OPPI will host the 5th Healthcare Access Summit this week to bring together stakeholders to ACT on non-communicable diseases (NCDs) to curb the rising threat through awareness, capacity building, and treatment. Our fast-paced lives, in a modern and mechanized world, are characterized by richer diets and more sedentary behaviors. Many countries in the developing world are in a phase of economic transition, where obesity is taking over from under-nutrition. Sadly, India is also becoming afflicted with an increasing burden of chronic, lifestyle-related NCDs. My recent article in the Financial Express describes the challenge India faces in tackling the burden of rising rates of NCDs.
India is referred to as the ‘diabetes capital of the world’ with almost 65 million Indians currently suffering from the disease and this number expected to reach 100 million by 2030. According to the International Diabetes Federation, the umbrella organization of 230 diabetes associations in 170 countries, one third of diabetic adults remain undiagnosed. Furthermore, 60% of all diabetes patients are in the ‘uncontrolled’ category and face the added threat of acquiring other serious health conditions. However, diabetes is not the only NCD that extracts a high toll; cardiovascular disease, chronic respiratory disease, and cancer pose a huge threat as well.
The Indian government has responded with the launch of the National Programme for the Control of Cancer, Diabetes, Cardiovascular Diseases and Stroke (NPCDCS), as a nation-wide initiative. The primary objective of this program is to target the biggest contributors to NCDs: unhealthy diets, physical inactivity, tobacco and alcohol use, and air pollution. At the same time, the government is also gearing up for better screening, prevention, and treatment of NCDs. In alignment with the WHO’s ‘global action plan for the prevention and control of NCDs 2013-2020’, India is the first country to develop national targets and indicators to gauge the success of its initiatives. It is presently finalizing a multi-sector action plan, to involve other sectors beyond healthcare, in recognizing and reducing the burden of NCDs and related risk factors.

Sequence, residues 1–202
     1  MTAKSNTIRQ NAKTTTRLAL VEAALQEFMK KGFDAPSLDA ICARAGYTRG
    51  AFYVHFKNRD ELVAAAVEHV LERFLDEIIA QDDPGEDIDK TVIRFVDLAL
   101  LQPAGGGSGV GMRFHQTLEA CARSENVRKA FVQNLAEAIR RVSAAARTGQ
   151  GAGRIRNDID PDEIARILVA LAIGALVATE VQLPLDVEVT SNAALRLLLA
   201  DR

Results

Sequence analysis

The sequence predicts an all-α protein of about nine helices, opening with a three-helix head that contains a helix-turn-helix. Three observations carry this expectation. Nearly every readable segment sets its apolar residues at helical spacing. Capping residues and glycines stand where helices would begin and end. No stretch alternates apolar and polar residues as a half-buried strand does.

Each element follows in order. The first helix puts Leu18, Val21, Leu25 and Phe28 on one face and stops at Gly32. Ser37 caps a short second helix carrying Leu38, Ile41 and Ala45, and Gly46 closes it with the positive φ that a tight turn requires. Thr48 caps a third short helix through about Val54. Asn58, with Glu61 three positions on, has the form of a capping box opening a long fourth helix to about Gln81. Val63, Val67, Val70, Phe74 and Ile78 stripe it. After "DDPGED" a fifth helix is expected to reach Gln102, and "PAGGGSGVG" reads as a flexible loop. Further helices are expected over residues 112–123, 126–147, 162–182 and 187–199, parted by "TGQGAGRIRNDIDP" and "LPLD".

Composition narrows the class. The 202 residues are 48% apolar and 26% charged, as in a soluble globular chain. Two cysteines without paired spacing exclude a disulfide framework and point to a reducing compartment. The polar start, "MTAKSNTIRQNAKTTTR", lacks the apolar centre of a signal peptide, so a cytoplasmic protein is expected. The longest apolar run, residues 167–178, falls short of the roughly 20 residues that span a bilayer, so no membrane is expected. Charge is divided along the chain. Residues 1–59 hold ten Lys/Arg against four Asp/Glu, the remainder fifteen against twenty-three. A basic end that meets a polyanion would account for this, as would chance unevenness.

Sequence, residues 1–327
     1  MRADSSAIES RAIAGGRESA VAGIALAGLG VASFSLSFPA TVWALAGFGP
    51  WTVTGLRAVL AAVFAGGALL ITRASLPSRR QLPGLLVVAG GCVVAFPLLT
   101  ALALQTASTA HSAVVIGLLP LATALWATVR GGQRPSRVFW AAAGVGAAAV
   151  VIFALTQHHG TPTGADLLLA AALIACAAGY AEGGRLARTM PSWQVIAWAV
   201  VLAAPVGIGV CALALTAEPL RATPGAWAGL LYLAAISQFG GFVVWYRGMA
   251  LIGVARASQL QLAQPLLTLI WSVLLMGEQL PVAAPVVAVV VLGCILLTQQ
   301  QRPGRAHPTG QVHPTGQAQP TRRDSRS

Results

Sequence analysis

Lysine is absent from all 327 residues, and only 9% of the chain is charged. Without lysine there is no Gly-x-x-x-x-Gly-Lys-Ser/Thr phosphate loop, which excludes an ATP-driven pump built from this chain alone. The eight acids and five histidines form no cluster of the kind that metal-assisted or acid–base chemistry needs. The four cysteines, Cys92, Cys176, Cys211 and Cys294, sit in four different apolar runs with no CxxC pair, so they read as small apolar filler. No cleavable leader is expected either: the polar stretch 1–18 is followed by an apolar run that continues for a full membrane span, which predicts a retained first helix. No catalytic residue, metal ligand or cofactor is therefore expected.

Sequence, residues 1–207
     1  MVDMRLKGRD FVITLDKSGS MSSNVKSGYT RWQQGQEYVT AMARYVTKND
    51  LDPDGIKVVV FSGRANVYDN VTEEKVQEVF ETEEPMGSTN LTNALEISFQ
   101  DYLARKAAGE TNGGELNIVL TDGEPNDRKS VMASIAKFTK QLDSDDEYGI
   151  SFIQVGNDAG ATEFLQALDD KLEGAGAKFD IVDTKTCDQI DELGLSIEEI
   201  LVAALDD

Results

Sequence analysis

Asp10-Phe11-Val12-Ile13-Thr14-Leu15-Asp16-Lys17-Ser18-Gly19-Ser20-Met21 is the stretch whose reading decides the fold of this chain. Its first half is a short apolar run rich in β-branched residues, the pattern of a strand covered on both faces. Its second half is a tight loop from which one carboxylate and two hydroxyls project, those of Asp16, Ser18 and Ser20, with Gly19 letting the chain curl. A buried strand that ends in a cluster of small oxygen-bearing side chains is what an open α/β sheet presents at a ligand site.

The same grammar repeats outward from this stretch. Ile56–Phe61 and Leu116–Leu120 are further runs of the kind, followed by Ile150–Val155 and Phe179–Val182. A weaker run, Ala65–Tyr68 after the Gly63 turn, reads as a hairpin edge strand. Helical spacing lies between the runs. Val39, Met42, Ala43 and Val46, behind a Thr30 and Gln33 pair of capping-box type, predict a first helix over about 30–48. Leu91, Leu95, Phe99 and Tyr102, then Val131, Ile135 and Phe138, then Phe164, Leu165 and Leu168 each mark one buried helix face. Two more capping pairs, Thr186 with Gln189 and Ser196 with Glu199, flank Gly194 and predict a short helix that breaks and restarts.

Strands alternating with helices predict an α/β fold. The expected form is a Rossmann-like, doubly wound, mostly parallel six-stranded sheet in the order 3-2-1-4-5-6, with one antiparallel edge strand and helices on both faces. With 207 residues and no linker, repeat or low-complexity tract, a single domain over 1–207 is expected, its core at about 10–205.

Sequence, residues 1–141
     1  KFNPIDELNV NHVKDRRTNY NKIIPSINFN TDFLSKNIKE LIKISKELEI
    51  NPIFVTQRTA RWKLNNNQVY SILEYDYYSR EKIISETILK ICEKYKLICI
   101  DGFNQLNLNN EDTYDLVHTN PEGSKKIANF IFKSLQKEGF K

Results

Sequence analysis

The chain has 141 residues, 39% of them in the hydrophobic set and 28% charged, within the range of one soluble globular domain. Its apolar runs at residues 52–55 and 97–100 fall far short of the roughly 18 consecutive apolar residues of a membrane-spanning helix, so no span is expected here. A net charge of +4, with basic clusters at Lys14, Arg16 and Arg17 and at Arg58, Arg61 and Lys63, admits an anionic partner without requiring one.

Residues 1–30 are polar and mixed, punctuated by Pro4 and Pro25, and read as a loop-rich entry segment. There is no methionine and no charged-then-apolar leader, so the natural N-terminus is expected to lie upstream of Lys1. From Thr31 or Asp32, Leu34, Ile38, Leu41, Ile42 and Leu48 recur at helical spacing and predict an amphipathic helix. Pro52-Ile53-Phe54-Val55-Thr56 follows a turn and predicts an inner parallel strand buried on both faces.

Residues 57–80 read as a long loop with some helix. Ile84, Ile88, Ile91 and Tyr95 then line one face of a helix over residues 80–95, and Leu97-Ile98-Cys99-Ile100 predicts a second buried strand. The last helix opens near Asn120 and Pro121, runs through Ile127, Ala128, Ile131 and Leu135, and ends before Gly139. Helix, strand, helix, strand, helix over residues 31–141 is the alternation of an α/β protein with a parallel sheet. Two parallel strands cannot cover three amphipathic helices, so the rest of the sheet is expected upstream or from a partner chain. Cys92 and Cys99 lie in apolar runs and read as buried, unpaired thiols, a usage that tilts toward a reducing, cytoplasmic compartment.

While there have been a number of good steps taken by the government and stakeholders, more work needs to be done, including dedicating more resources to healthcare. It's clear that we will all need to work together to identify sustainable, workable solutions to tackling NCDs in India. Join us as we #ACTonNCDS.
Kanchana T.K., in about two decades of professional experience, has worked across the spectrum of businesses related to healthcare consulting and delivery, healthcare access and pharmaceuticals. She has worked across functions including public affairs, policy, and business verticals in India, Africa and Middle East.